bacteria to eat plastic

In honour of Buckminster Fuller’s quote, “whether or not it will be utopia or oblivion will be a touch and go relay race until the very end” we of the dancing moose have added two new post categories – utopia and oblivion. Not sure if I will go back and retrospectively categorise everything, but it will certainly be a helpful flag, and definitely seems uncannily apt.

But anyway. Here’s one for utopia.

What if we could make plastic biodegrade in a few months instead of a millenia?

Getting ordinary plastic bags to rot away like banana peels would be an environmental dream come true.

After all, we produce 500 billion a year worldwide and they take up to 1,000 years to decompose. They take up space in landfills, litter our streets and parks, pollute the oceans and kill the animals that eat them.

Now a Waterloo teenager has found a way to make plastic bags degrade faster — in three months, he figures.

Yay harnessing bacteria. And teenagers asking questions.

6 Responses to “bacteria to eat plastic”

  1.   Sangrail
    May 27th, 2008 | 4:35 pm

    Woah.
    Cool, but it almost makes me feel a little dumb.
    It’s the sort of thing I’d never think to try because I thought someone would have already done exactly that, already.
    (But still, yay! And you’ve totally read about bioremediation with mushrooms, right? 🙂 )

  2.   Administrator
    May 28th, 2008 | 12:39 am

    “bioremediation with mushrooms”
    um, what?

  3.   chuck
    May 28th, 2008 | 9:09 am

    check out this article (one of many) re bioremediation a la mushys! http://www.yesmagazine.org/article.asp?ID=597

    as for the bugs eat plastic – jealous of the waterloo teenager, bloody good piece of work. Slightly worried too that a simple piece of investigative experimentation hadn’t been done properly till now. I’d assumed that it couldn’t be done without some GE trickery (and that that hadn’t been a profitable avenue to explore yet or even worse that it had been and that there was no way to subsequently market it). But it is good to have these preconceived notions overturned by simple clever work.

    I now want to get in touch with the guy and ask him if his bugs will work in the presence of dog poo. I see an immediate market if a) he keeps his specific bug mix quiet and b) sells the bugs to councils that have installed the dog poo bins. It amazes me that in this modern day and age every dog crap is individually wrapped in plastic bags and I can see that you’d make a bloody forture if you could turn that amount of landfill waste into something you could easily reclaim (e.g. solid biological waste treatment, perhaps with downstream bioremediation a la mushys…).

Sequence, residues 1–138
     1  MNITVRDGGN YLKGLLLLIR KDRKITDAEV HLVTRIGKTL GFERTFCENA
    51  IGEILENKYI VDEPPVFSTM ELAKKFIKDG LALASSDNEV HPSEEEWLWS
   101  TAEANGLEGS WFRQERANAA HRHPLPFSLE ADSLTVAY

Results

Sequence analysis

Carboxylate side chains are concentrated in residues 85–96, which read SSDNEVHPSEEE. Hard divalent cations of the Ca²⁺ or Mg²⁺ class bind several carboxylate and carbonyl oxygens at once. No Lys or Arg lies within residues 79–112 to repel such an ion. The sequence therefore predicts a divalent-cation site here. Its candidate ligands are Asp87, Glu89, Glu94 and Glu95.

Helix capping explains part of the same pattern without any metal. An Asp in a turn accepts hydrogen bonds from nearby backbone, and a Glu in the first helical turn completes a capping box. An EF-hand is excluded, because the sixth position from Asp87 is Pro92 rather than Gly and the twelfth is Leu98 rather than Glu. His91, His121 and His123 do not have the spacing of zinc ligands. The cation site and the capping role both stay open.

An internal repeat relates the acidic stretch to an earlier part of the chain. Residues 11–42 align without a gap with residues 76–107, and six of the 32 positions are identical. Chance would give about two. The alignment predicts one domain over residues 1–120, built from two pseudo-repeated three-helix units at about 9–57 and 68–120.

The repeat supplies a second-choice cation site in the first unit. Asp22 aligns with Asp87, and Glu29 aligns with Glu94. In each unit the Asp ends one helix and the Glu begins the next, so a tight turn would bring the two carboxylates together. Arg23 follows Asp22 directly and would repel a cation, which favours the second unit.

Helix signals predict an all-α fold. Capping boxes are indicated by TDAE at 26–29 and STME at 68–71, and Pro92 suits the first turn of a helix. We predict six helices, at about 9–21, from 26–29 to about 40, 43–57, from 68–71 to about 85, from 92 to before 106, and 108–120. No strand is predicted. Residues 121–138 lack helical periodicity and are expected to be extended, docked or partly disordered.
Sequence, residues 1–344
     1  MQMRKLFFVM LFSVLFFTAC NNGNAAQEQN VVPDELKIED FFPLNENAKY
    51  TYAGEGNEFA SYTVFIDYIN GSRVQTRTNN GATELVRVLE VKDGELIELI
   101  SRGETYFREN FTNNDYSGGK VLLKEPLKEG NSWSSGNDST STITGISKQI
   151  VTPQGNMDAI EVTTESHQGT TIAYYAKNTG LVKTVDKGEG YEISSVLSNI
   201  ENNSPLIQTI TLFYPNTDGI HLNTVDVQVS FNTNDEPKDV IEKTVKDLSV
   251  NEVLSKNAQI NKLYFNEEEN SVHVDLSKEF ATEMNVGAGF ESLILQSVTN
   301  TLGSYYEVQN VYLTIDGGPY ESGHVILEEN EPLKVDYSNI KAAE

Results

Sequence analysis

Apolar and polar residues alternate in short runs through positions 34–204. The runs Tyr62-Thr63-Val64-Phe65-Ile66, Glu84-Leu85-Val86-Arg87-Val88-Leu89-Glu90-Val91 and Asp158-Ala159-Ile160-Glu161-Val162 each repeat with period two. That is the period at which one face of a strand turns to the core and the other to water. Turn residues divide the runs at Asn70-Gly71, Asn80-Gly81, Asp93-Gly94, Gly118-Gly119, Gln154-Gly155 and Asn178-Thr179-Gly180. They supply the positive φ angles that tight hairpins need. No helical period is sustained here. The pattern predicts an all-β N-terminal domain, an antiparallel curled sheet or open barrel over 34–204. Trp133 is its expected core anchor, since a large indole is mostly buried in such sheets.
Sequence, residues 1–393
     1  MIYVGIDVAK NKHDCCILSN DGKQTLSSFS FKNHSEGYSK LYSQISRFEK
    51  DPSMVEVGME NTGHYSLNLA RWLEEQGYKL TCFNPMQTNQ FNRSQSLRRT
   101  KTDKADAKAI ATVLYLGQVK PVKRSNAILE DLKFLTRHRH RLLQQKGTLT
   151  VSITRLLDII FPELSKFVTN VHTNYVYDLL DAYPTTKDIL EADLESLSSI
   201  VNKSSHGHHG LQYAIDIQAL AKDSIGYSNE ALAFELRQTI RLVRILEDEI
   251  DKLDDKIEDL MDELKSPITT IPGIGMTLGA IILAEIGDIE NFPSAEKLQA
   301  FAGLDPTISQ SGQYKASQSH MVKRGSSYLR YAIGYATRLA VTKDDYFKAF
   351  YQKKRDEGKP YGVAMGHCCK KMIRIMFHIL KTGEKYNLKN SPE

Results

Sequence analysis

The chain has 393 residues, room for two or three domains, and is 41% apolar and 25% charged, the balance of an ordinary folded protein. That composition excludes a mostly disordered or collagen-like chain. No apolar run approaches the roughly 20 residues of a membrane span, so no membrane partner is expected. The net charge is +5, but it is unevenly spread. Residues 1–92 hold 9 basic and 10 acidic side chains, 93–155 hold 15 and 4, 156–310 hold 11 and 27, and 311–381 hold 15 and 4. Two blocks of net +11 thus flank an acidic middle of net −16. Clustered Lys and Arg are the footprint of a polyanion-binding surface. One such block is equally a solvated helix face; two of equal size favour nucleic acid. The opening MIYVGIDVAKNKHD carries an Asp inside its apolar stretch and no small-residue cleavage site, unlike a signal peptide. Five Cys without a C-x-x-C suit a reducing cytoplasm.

I am now troubled that I am wanting money to be made from this discovery… Time to get out of the massive pharma company I work for I think. Wait, ticked that bugger off already. See you in NZ soon Moose!

  4.   chuck
    May 28th, 2008 | 9:10 am

    check out this article (one of many) re bioremediation a la mushys! http://www.yesmagazine.org/article.asp?ID=597

    as for the bugs eat plastic – jealous of the waterloo teenager, bloody good piece of work. Slightly worried too that a simple piece of investigative experimentation hadn’t been done properly till now. I’d assumed that it couldn’t be done without some GE trickery (and that that hadn’t been a profitable avenue to explore yet or even worse that it had been and that there was no way to subsequently market it). But it is good to have these preconceived notions overturned by simple clever work.

    I now want to get in touch with the guy and ask him if his bugs will work in the presence of dog poo. I see an immediate market if a) he keeps his specific bug mix quiet and b) sells the bugs to councils that have installed the dog poo bins. It amazes me that in this modern day and age every dog crap is individually wrapped in plastic bags and I can see that you’d make a bloody forture if you could turn that amount of landfill waste into something you could easily reclaim (e.g. solid biological waste treatment, perhaps with downstream bioremediation a la mushys…).

    I am now troubled that I am wanting money to be made from this discovery… Time to get out of the massive pharma company I work for I think. Wait, ticked that bugger off already. See you in NZ soon Moose!

  5.   Administrator
    May 28th, 2008 | 1:07 pm

    Cool. Cheers for that.

  6.   chuck
    May 28th, 2008 | 7:57 pm

    sorry for duplicate posting!